Through Thanksgiving, Exchange Participants Experience Community-Building Traditions and Give Back Worldwide

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Mouhamed Seck, a YES student from Senegal, spent Thanksgiving in 2017 with his host family in College Park, Md.

Through Thanksgiving, Exchange Participants Experience Community-Building Traditions and Give Back Worldwide

Thanksgiving reminds us that sharing a meal brings communities closer together, at home and abroad. As a popular American holiday, it also helps us think about how important it is to give back and serve others. The Bureau of Educational and Cultural Affairs helps create these moments every day through exchange programs.

Sharing Commonalities Over Different Dishes

“During the Thanksgiving season, I realized that hospitality is everywhere! I had a chance to celebrate a new holiday that is about charity and solidarity,” said Mouhamed Seck, a Kennedy-Lugar Youth Exchange & Study (YES) Program student from Senegal who spent Thanksgiving with his host family in College Park, Maryland, in 2017. “I met more family members who brought lots of different dishes for the celebration. And the most important part is that I got involved and celebrated Thanksgiving together with them. That is one of the most unforgettable moments in my life.”

Enjoying American Traditions Overseas

Once exchange participants experience their first Thanksgiving in the United States, the memories of those traditions stay with them long after they return to their home countries.

Last year, ten YES alumni enjoyed a Thanksgiving celebration at the American Councils office in Prishtina, Kosovo, and brought their home-cooked dishes, inspired by their time in the United States, including Louisiana chicken gumbo, apple pie, chocolate cake, and fried chicken. Everyone drew on their U.S. memories and picked a dish that reminded them of their exchange year, making the food a great conversation starter and an opportunity for alumni to learn more about each other’s experiences.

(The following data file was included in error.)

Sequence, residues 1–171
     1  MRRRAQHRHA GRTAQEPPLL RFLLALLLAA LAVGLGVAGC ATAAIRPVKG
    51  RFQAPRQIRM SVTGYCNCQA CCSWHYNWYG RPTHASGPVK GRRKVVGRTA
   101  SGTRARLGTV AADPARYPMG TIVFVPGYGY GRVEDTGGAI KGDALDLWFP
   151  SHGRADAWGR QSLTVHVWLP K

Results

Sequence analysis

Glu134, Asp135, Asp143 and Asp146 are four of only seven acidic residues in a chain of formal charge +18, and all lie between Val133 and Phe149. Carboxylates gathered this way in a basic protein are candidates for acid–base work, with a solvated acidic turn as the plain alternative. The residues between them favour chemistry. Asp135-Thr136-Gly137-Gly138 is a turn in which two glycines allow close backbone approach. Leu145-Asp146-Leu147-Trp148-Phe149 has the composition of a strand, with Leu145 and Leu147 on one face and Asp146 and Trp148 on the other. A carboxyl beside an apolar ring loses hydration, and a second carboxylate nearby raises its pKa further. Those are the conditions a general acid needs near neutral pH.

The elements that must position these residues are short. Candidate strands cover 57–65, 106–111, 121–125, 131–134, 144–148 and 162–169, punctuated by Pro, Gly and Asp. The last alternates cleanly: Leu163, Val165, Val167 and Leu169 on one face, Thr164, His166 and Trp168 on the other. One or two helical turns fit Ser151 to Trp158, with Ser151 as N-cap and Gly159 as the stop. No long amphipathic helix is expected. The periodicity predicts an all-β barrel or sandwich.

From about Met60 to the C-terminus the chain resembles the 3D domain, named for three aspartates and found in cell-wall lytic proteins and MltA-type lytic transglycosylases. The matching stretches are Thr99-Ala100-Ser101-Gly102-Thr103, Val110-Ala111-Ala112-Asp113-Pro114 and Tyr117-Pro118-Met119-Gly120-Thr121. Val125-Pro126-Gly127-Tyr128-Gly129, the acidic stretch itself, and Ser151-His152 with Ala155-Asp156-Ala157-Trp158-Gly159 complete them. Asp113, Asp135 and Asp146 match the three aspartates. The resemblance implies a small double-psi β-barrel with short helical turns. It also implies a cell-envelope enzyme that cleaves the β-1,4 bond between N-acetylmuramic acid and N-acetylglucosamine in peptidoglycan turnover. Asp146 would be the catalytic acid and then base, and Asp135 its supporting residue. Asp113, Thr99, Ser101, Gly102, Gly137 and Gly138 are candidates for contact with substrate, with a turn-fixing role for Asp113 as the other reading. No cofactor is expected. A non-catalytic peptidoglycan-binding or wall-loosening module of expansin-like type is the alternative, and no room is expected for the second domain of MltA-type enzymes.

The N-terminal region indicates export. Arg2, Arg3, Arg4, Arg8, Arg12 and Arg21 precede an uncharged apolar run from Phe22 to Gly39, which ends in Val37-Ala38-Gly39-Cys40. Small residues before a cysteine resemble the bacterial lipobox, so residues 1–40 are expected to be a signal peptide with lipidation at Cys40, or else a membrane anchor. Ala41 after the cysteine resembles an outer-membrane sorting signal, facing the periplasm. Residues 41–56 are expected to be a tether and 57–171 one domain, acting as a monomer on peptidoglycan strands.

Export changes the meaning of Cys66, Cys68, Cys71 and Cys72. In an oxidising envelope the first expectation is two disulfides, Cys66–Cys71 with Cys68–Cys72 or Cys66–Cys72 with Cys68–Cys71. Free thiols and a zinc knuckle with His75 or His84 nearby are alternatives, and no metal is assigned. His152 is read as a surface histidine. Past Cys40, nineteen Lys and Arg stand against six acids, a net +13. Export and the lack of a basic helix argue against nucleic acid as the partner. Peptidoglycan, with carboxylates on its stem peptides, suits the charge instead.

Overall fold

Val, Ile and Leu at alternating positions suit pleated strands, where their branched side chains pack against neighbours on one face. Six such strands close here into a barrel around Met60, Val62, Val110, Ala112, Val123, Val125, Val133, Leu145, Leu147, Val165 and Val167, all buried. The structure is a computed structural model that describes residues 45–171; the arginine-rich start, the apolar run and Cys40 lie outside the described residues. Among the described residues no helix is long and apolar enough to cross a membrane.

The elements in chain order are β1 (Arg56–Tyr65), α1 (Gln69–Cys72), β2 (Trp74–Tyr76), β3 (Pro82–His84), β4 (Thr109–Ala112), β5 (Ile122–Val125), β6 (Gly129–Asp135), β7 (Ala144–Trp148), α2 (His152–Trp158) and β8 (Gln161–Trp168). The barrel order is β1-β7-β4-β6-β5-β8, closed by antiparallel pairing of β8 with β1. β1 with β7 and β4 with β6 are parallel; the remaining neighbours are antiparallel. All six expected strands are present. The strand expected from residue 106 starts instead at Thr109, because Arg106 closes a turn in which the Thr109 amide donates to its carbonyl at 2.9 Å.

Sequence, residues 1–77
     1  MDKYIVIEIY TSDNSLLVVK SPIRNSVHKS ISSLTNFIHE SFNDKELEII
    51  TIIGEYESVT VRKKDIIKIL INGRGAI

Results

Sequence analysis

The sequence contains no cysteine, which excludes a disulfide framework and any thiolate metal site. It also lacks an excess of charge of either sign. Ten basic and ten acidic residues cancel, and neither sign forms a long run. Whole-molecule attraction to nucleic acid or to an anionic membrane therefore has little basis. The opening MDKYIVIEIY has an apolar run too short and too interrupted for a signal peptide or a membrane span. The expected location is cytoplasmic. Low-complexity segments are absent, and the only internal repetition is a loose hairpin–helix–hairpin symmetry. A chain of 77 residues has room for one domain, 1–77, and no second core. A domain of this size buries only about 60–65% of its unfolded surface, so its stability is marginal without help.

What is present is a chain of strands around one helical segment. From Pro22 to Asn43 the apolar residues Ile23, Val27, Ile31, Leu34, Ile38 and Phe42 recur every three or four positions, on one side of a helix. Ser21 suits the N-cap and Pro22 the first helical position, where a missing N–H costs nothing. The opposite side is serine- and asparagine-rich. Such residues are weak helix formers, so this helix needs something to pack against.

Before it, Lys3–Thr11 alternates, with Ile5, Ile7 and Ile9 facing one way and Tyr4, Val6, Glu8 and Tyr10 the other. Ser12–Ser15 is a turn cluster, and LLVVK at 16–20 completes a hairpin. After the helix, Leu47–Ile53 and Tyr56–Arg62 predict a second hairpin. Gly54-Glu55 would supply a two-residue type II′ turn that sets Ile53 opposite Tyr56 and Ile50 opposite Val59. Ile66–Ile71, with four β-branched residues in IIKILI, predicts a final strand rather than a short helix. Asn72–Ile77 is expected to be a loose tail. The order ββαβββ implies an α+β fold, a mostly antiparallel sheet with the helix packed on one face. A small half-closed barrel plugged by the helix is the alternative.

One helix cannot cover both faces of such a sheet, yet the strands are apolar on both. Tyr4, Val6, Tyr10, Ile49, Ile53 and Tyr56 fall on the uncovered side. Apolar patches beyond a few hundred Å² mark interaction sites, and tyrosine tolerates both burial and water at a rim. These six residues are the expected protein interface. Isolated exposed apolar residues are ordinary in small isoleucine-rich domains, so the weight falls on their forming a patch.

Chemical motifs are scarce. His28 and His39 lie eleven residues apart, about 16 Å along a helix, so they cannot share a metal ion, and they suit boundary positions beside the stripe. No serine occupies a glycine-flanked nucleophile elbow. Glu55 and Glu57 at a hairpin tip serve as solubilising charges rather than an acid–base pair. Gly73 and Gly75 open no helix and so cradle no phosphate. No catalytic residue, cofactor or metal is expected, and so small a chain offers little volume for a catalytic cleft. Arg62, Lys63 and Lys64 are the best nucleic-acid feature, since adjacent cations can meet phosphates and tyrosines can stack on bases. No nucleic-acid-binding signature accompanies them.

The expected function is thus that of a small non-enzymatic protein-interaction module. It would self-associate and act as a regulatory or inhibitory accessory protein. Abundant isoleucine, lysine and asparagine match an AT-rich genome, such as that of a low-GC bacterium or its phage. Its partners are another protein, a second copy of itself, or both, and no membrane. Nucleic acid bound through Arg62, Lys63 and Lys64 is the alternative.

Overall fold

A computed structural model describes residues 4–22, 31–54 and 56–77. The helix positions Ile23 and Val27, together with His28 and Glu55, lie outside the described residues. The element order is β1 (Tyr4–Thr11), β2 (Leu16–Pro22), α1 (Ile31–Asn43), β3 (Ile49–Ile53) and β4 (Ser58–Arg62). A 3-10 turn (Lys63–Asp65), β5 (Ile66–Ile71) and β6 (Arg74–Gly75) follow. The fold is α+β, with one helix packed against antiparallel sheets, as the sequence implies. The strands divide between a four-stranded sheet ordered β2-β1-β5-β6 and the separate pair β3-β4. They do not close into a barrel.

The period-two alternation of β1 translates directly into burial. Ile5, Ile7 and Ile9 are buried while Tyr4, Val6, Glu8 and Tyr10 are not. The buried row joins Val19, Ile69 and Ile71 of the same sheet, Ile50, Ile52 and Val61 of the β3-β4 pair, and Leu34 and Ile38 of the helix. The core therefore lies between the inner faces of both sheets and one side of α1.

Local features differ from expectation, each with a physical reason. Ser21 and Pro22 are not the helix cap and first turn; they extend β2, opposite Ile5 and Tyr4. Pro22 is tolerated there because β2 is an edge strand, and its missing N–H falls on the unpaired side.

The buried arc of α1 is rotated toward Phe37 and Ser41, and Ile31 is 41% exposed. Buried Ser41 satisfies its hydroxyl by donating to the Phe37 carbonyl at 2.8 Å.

Giving Thanks Through Outreach

Community service is integral to exchange programs, and nowhere is that more apparent than with American Music Abroad. American musicians who participate in this life-changing cultural exchange participate in community service projects upon returning to the United States, as part of the program. After a 20-day, seven-city tour in China that included public concerts and community outreach, American Music Abroad alumni Buyepongo partnered with the James A. Foshay Learning Center in Los Angeles to conduct a workshop with third through fifth graders. They talked about their experience sharing American music with the world and how they followed their dreams in becoming touring artists. To prepare for Buyepongo’s visit, the Foshay students studied the culture of China and even learned a song in Mandarin that they performed for the group.

In the spirit of cultural understanding and sharing knowledge through English, English Access Microscholarship Program students in La Paz, Mexico, hosted a Thanksgiving celebration with the help of English Language Fellows. Two Access classes came together to create activities, slide presentations, oral demonstrations, and to share a Thanksgiving feast to celebrate the holiday. The experience helped students learn about volunteerism in their communities. They connected these types of activities with their own work in Access and their own efforts in helping their local community in La Paz.

Sharing A Meal As One Big Family

Mehnaz Tabassum, a 2017-2018 Fulbright Foreign Language Teaching Assistant from Bangladesh, remembers her first Thanksgiving in the United States as a “one-of-a-kind celebration.” She enjoyed several Thanksgiving meals with new friends, including one hosted by the Vietnamese instructor from her language department at the University of Michigan, Ann Arbor.

“There we were at the dinner, people from all different parts of the world, sitting around a table together to enjoy a meal prepared with love and gratitude,” she said. ‘We arrived early to help our hostess by chopping vegetables, preparing salads, and setting up tables.”

“Up until a few months ago, none of us knew each other. But there we were, in that house, in that moment, working, laughing, cooking, and gossiping over food as if we have been friends for decades; as if such a gathering was our annual tradition, and we had been having Thanksgiving together for as long as we could remember. We shared the meal as one big family – a family of strangers, a family of friends.”

We at the State Department are thankful for everyone who opens their home to international students and exchange participants, sharing mutual understanding and American traditions with people from around the world.

About the Author: Becca Bycott is a Social Media Manager with the Bureau of Educational and Cultural Affairs.

Editor's Note: This entry also appears in the U.S. Department of State's publication on Medium.